Beautiful video by @Kellycreates !! Follow us @visualounge
Tag someone who would love this
Time to cook! What’s your favorite?
Design by Nikita Konkin
It is well known fact that, packaging is an essential part of successful new product launch.
Creation of the eye-catching box increases sales and leads to a desired outcome.
Russian designer Nikita Konkin came up with a fun design concept for packaging pasta.
It consists of a box with a cut-out image of a woman with a beautiful hairstyle, where different types of pasta are turned into a fabulous hairstyles.
This pasta will sure be the star of a display
AudioViz 🔊 @kollektiv_turmstrasse Kontakt
Athens street art @carolinaki
aDiatomea – Digitally engineered organisms @mrk.ism
Glitchy image, clear type by Buenos Aires-based designer Nicolas Lalli
By investigating the practice of combining typography with images, Type Plus spotlights how today’s graphic designers use type in partnership with graphic elements to turbo charge meaning and increase impact. This large-format book includes graphic design from a host of contemporary practitioners around the world, capturing dynamic experimentation with typography and image. The era of type as a passive, semi-invisible holder of meaning has passed, replaced by layered typographic expressions where letterforms “vibrate and disintegrate, melt and morph, undulate and flow…” Includes interviews with Non-Format, TwoPoints.Net and Erik Brandt as well as an essay by Yves Peters. Edited by Adrian Shaughnessy and Tony Brook. Designed by Spin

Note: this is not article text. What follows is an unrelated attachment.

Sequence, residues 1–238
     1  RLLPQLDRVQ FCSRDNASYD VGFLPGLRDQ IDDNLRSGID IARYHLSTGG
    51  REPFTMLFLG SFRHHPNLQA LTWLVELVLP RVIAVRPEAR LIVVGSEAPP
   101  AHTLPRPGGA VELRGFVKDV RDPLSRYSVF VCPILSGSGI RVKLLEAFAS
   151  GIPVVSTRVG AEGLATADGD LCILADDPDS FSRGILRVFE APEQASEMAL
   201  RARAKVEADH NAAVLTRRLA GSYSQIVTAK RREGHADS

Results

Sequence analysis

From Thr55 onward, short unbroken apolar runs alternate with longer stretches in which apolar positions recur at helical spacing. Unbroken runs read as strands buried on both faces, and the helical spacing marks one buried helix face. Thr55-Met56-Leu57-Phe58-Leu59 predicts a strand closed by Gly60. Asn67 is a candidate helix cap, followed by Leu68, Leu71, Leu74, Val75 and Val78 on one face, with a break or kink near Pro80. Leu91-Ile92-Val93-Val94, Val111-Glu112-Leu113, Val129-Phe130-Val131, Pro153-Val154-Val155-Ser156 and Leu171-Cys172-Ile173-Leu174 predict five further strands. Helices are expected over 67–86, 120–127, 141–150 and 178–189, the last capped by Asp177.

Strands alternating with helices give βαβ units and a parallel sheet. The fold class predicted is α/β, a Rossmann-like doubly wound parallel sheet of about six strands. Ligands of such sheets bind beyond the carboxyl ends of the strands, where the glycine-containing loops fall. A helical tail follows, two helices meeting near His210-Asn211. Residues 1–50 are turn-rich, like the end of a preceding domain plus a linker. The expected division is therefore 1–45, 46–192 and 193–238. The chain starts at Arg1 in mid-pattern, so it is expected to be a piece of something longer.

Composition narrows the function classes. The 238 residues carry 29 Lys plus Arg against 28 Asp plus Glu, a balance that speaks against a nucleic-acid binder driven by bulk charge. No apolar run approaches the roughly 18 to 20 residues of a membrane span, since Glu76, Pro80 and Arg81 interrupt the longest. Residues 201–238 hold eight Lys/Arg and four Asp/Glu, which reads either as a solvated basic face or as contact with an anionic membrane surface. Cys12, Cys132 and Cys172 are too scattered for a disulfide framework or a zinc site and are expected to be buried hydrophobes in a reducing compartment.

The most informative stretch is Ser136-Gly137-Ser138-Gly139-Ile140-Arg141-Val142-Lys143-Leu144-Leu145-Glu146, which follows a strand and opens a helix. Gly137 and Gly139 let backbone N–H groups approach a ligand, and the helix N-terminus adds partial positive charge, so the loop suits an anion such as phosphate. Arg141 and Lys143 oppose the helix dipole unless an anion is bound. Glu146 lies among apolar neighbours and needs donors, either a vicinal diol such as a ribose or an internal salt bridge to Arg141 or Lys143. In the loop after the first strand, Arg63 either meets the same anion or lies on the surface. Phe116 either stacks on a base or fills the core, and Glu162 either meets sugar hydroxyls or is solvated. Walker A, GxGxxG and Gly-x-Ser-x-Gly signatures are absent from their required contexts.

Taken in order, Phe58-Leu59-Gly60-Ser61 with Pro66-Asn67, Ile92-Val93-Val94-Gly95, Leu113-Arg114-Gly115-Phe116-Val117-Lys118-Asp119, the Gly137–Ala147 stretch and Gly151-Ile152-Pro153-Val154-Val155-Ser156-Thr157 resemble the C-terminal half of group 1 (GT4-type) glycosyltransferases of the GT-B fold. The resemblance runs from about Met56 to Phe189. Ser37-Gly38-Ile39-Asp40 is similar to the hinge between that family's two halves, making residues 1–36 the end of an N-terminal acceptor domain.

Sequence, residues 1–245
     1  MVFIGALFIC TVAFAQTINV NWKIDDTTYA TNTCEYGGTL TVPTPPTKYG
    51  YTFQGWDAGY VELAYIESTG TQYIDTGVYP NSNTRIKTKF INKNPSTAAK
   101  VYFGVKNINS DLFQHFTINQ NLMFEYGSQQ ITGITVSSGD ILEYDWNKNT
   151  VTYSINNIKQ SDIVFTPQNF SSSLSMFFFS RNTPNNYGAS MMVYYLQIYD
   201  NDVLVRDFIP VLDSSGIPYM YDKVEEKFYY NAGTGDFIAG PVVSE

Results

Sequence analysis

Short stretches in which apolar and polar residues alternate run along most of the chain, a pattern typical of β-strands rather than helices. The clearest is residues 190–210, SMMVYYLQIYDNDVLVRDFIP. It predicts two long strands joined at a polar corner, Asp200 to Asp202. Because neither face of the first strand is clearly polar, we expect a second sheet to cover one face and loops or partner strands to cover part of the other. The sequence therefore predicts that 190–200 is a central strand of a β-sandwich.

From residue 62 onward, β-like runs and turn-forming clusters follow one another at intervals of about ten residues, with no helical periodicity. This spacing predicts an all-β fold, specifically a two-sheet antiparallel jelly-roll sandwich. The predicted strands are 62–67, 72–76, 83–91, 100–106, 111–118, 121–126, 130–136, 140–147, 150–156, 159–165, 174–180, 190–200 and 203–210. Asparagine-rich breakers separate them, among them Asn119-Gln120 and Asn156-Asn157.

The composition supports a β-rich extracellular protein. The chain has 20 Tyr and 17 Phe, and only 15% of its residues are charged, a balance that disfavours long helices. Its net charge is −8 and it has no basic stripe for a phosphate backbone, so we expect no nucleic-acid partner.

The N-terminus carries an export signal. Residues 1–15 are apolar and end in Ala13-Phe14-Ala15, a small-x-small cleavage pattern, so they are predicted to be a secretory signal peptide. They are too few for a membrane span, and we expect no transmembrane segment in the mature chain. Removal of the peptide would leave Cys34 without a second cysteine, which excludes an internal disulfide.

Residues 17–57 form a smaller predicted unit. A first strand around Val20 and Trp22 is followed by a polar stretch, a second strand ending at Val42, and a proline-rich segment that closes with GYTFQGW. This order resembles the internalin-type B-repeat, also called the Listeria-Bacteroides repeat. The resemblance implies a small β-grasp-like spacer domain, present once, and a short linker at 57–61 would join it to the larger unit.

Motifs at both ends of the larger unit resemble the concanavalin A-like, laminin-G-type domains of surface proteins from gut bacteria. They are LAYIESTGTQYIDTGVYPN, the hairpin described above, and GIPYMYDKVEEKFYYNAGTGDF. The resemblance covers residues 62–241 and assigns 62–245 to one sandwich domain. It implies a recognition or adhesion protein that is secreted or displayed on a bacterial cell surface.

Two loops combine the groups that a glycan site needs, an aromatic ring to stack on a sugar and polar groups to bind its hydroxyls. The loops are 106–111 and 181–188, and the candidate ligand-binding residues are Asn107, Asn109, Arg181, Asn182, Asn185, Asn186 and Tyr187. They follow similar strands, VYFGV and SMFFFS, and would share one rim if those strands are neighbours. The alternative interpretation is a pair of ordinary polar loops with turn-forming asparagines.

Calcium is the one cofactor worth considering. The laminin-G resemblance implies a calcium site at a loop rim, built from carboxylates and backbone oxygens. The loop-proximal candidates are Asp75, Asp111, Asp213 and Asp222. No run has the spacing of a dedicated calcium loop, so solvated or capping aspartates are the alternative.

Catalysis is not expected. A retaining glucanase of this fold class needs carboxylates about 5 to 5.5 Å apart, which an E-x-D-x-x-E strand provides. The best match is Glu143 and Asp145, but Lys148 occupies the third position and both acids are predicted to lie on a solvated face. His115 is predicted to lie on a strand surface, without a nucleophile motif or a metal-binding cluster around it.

Lines by @claudine_os
“Losing Its Luster @royalscourge
Never loose your
Elephant Street Art
by Falko One. @falko1graffiti
@okudart in Morocco
Cami, known as Camellie, is an illustrator born on the shores of the Danube in Romania who’s been working freelance for the past seven years while traveling and getting inspired by the beauty of various landscapes and cultures.
Check her work at www.camellie.com @camellie
collage from Italian Artist Claudio Parentela
Reminder for tomorrow:
Swim in the
Cataloging the tools once used for the very same purpose, Augustine Kofie creates collages that utilize file folders, index cards, and steno notepads from the ’50s through ’80s that were found while scouring the contents of Los Angeles estate sales. Kofie chooses to compile vintage materials from before the dawn of the digital age, a time when data took up physical space rather than gigabytes on an external hard drive.
View all pictures here:
@36daysoftype by @richarddehoxar